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We found 5 nuclear cardiology providers near Kansas City, MO.

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Dr. Arthur Iain McGhie, MD
Specializes in Adult Cardiology, Nuclear Cardiology
4330 Wornall Road, Medical Plaza 2; Suite 2000
Kansas City, MO
 

Dr. Arthur McGhie is an adult cardiology and nuclear cardiology specialist. He studied medicine at the University of Glasgow School of Medicine. He takes several insurance carriers, including Coventry, TRICARE, and Aetna Elect Choice. Dr. McGhie has received the following distinction: Kansas City Super Doctors. He is professionally affiliated with Anderson County Hospital, Wright Memorial Hospital, and Hedrick Medical Center.

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Clinical interests: Heart Problems

Dr. Randall Cheshire Thompson, MD
Specializes in Nuclear Cardiology, Cardiology
4330 Wornall Road; Suite 2000
Kansas City, MO
 

Dr. Randall Thompson works as a cardiologist and nuclear cardiology specialist. His professional affiliations include Anderson County Hospital, Wright Memorial Hospital, and Hedrick Medical Center. Dr. Thompson attended medical school at Emory University School of Medicine. He completed his residency training at Massachusetts General Hospital. He is an in-network provider for Coventry, TRICARE, Aetna Elect Choice, and more. Dr. Thompson has received professional recognition including the following: Kansas City Super Doctors.

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Clinical interests: Heart Problems

Dr. Timothy M Bateman, MD
Specializes in Nuclear Cardiology, Cardiology
4330 Wornall Road; Suite 2000
Kansas City, MO
 

Dr. Timothy Bateman is a specialist in nuclear cardiology and cardiology (heart disease). After attending the University of Manitoba Faculty of Medicine for medical school, he completed his residency training at a hospital affiliated with the University of Manitoba. Dr. Bateman has a 4.0 out of 5 star average patient rating. He takes Coventry, TRICARE, and Aetna Elect Choice, in addition to other insurance carriers. He has received the following distinction: Kansas City Super Doctors. He is professionally affiliated with Anderson County Hospital, Wright Memorial Hospital, and Hedrick Medical Center.

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Clinical interests: Heart Problems

Dr. James H OKeefe Jr., MD
Specializes in Nuclear Cardiology, Cardiology
4330 Wornall Road; Suite 2000
Kansas City, MO
 

Dr. James O'Keefe's areas of specialization are nuclear cardiology and cardiology (heart disease). He takes Coventry, TRICARE, and Aetna Elect Choice, as well as other insurance carriers. Dr. O'Keefe attended medical school at the University of North Dakota School of Medicine and Health Sciences and Baylor College of Medicine. He completed his residency training at Mayo Clinic. He has received professional recognition including the following: Kansas City Super Doctors. Dr. O'Keefe is affiliated with Anderson County Hospital, Wright Memorial Hospital, and Hedrick Medical Center.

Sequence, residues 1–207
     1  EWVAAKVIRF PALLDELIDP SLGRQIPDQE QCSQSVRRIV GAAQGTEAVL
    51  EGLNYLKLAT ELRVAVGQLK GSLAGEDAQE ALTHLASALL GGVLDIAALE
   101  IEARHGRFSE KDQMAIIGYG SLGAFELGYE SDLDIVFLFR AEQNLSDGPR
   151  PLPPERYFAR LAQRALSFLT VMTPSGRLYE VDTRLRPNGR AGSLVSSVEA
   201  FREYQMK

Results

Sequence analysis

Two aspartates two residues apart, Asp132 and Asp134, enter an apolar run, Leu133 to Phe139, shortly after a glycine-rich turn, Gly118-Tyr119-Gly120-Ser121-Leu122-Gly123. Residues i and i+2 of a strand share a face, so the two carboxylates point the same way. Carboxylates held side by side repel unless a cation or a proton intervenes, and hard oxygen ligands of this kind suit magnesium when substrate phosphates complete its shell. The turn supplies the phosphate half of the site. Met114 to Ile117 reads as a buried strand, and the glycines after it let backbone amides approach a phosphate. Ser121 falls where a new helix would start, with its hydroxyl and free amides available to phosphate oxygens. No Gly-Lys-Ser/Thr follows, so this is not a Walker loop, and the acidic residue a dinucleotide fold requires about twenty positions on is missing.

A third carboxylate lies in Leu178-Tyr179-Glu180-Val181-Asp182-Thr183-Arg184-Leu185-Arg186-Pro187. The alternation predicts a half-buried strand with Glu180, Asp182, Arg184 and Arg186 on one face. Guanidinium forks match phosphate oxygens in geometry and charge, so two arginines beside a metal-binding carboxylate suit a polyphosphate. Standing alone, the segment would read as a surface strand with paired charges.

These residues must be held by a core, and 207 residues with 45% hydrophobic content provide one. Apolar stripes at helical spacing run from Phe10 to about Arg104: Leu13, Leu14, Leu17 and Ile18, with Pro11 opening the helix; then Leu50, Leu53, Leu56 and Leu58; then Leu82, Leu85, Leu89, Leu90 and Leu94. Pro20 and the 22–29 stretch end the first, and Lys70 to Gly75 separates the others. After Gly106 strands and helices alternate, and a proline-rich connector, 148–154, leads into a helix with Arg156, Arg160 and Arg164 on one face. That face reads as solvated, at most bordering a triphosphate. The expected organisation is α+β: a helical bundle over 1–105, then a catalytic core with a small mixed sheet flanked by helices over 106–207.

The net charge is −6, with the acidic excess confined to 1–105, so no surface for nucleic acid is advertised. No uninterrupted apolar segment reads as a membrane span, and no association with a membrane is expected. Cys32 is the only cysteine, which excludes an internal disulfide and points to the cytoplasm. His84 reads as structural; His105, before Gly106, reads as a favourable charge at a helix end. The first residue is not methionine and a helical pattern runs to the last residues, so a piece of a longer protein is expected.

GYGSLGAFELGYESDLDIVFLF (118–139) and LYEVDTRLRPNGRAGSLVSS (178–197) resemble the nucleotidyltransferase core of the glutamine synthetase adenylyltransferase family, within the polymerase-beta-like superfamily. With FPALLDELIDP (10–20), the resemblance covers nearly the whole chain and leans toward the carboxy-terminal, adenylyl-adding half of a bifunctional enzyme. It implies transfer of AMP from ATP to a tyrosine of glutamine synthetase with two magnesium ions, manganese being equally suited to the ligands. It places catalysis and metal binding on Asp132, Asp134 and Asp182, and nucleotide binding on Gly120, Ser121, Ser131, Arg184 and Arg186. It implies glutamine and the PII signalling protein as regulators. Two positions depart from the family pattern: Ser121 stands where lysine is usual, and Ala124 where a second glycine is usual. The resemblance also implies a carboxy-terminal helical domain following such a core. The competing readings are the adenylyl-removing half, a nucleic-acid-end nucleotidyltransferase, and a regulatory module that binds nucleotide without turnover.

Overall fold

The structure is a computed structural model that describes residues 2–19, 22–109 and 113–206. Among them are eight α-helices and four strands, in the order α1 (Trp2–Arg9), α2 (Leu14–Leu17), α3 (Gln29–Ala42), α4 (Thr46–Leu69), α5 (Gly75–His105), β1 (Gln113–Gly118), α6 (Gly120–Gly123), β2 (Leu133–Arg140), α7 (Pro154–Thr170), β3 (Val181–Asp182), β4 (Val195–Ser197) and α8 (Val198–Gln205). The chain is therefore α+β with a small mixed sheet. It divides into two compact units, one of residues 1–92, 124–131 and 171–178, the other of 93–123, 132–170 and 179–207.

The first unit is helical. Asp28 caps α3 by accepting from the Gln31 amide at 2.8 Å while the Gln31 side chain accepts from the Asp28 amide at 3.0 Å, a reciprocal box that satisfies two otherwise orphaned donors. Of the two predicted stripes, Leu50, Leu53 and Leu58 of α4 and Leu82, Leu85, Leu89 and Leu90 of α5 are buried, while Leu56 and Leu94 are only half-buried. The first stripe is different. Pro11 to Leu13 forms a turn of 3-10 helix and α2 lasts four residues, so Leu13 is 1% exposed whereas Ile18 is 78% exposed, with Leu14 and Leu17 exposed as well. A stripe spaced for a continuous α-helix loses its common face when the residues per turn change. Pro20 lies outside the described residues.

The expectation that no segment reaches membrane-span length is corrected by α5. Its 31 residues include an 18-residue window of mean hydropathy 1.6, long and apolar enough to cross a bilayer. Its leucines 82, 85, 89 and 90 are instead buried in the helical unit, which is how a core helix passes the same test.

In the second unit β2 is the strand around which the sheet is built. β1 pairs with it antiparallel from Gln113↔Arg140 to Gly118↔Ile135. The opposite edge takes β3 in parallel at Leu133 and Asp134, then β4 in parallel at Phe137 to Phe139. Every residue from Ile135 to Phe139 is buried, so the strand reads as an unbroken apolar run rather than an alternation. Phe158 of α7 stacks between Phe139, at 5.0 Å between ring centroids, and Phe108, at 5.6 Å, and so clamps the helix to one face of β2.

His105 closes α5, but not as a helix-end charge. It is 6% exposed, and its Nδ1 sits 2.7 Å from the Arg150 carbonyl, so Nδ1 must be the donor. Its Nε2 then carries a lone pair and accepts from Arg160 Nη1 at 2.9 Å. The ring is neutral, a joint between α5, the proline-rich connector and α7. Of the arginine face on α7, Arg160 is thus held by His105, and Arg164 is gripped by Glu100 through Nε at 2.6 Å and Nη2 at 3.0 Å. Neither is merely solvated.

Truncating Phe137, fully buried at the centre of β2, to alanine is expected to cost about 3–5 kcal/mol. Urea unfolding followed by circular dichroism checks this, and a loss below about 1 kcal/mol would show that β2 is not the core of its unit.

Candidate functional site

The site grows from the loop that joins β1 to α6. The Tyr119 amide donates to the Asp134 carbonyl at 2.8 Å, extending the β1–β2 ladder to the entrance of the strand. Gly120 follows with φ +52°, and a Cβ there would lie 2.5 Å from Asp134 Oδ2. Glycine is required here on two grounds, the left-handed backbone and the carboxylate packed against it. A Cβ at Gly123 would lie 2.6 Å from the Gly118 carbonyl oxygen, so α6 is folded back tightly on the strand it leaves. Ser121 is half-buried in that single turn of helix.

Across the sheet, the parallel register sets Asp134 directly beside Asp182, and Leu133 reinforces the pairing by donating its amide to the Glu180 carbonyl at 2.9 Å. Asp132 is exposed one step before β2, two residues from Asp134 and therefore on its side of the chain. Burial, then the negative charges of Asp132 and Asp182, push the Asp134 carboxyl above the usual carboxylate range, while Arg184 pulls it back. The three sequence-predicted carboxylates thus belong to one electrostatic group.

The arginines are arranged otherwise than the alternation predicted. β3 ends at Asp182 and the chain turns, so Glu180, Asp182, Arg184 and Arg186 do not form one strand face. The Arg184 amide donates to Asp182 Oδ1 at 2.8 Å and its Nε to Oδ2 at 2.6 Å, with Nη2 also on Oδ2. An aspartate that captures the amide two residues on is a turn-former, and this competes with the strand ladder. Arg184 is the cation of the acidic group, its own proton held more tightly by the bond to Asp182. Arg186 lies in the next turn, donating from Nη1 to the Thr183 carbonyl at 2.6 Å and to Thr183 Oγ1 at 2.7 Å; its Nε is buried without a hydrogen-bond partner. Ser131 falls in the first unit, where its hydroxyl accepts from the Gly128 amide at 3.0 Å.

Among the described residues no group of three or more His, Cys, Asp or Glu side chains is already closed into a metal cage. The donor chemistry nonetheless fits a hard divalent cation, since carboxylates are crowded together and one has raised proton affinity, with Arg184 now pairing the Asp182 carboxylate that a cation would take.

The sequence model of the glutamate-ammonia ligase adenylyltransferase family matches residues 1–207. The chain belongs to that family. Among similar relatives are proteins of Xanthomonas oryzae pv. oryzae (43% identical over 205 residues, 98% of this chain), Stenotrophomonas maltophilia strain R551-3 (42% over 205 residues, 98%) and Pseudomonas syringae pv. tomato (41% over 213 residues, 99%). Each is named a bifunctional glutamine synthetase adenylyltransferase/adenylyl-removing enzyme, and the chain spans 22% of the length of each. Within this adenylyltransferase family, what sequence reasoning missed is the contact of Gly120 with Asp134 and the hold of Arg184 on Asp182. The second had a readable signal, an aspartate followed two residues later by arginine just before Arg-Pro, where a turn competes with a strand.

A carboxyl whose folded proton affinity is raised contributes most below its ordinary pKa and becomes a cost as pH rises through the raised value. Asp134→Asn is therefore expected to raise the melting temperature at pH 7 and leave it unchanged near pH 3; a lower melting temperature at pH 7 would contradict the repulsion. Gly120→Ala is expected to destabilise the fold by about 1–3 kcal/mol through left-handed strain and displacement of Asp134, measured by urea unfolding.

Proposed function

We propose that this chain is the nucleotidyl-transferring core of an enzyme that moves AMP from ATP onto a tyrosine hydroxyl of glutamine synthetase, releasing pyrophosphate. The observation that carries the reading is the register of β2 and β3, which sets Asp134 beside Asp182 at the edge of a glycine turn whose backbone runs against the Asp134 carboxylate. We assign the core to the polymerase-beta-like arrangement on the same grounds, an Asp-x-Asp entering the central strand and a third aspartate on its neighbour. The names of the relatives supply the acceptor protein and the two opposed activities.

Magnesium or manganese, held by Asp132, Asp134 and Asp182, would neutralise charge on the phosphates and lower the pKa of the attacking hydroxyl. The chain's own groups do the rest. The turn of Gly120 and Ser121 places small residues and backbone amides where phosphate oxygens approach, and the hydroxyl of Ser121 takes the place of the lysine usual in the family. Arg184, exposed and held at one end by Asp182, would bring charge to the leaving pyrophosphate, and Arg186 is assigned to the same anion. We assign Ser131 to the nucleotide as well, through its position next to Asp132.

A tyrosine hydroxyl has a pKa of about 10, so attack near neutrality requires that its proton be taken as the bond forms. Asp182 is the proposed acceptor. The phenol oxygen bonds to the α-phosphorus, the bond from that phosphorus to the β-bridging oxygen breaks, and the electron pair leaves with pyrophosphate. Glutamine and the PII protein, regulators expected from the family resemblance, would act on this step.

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Dr. Kevin A Bybee, MD
Specializes in Nuclear Cardiology, Cardiology
4330 Wornall Road; Suite 2000
Kansas City, MO
 

Dr. Kevin Bybee practices nuclear cardiology and cardiology (heart disease). His professional affiliations include Anderson County Hospital, Wright Memorial Hospital, and Hedrick Medical Center. Dr. Bybee is a graduate of Southern Illinois University School of Medicine and a graduate of Mayo Clinic's residency program. He honors Coventry, TRICARE, and Aetna Elect Choice, as well as other insurance carriers.

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Clinical interests: Heart Problems

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What is Nuclear Cardiology?

Nuclear cardiology is the use of safe, small amounts of radioactive material, called tracers, to take very accurate pictures or video of the heart. Nuclear cardiology can not only provide excellent images of the heart muscle, but it can also tell doctors about the function and health of the heart. That is to say, nuclear cardiology doesn’t just examine what the heart looks like, it sees how well the heart muscle is working. It’s very useful for diagnosing heart disease, identifying damage from a heart attack, or evaluating if a patient’s treatments are working well enough.

During a nuclear cardiology exam, the tracer is injected into a vein and taken up by the heart. Then a special camera, called a gamma camera, takes pictures of the tracer moving within the beating heart. The images can show areas where heart muscle has been damaged or scarred due to a heart attack, or where blood flow within the heart may not be adequate due to blocked arteries.

There are several different kinds of nuclear cardiology tests and each looks at something slightly different. The most commonly used test is called myocardial perfusion. Others include ventriculography, to show the chambers of the heart; PET scans, to monitor blood flow; and MUGA scans, to examine how well the heart is pumping.

Nuclear cardiology tests do not hurt, and do not require anything more than an injection. They are a powerful source of information for patients suffering from heart disease or coronary artery disease.